Throughout the week we continued to look at a variety of different habitats and how the habitat provides for each animal (food, water, air, etc.). We also looked at the children’s baby pictures, their homes and favorite environments. Through all these photos we observed how we, as living things, grow, change and also need shelter.

We look forward to sharing more about our project with you over the next several weeks.

As part of this project we would like to invite you to get involved both from home and in the classroom.

Ideas for classroom involvement:

–        Leading a science experiment or exploration activity

–        Reading a story about animals, habitats etc.

–        Sharing an interest or hobby that relates animals

–        Your ideas???

Ideas for Involvement from home:

–        Take a look at the Peek of the Week page on this blog and use the information provided as a talking point when asking your child about his or her day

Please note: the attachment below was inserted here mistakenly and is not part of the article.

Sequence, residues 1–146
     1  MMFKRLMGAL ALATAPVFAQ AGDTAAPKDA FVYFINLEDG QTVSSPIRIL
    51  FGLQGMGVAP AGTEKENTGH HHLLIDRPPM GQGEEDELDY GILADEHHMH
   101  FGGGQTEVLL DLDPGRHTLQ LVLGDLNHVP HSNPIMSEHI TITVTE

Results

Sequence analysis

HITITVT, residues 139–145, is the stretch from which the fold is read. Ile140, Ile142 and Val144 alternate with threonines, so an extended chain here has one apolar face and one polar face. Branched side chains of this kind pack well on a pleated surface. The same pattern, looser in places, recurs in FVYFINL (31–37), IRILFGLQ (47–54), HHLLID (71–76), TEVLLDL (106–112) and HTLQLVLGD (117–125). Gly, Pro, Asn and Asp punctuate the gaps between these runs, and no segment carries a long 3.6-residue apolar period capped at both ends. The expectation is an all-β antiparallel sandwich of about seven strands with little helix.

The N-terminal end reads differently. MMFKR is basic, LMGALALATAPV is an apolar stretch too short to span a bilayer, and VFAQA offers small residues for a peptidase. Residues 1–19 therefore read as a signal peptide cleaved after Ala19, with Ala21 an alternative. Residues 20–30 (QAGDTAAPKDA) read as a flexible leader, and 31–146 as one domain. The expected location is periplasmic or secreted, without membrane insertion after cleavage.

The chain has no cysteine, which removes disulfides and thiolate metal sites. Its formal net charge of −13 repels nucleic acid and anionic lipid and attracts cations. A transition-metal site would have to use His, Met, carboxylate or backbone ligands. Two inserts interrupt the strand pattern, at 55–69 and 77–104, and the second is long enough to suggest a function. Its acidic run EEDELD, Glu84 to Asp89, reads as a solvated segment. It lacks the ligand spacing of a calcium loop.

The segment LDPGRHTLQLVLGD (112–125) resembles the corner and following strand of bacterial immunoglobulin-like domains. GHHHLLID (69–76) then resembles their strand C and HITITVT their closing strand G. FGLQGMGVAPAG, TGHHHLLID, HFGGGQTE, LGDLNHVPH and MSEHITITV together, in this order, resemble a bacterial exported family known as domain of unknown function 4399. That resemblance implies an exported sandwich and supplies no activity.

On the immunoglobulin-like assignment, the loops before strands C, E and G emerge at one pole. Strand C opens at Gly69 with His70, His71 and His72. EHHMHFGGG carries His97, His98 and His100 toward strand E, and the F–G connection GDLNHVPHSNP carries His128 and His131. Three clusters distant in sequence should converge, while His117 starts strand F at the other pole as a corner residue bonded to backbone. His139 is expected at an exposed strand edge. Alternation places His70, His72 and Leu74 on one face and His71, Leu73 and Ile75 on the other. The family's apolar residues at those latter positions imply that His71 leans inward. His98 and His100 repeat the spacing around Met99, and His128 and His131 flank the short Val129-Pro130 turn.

–        Use your child’s interest and questions to begin your own investigations at home

Please let us know if you would like to be involved in our project in any way!

Happy Birthday Planet Earth

Today’s children live in a time where the future of our planet and the sustainability of the world’s resources depend on our ability to care for the environment. Understanding the key role that children have as citizens of the world in actively supporting sustainability, we carefully planned learning experiences that allow children to reflect upon real life problems and come up with solutions on what they can do at home and at school to care for the Earth.